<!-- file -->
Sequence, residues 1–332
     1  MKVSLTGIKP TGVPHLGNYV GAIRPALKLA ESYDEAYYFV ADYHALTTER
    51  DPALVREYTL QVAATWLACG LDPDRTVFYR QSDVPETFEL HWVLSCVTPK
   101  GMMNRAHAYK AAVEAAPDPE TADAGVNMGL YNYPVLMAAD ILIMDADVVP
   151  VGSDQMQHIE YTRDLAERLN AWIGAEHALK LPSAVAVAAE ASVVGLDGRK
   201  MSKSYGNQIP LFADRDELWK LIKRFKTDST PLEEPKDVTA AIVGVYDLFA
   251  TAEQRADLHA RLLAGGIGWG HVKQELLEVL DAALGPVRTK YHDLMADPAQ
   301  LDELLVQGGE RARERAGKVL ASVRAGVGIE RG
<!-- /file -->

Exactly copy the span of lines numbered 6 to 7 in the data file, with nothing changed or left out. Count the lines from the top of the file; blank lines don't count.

   201  MSKSYGNQIP LFADRDELWK LIKRFKTDST PLEEPKDVTA AIVGVYDLFA
   251  TAEQRADLHA RLLAGGIGWG HVKQELLEVL DAALGPVRTK YHDLMADPAQ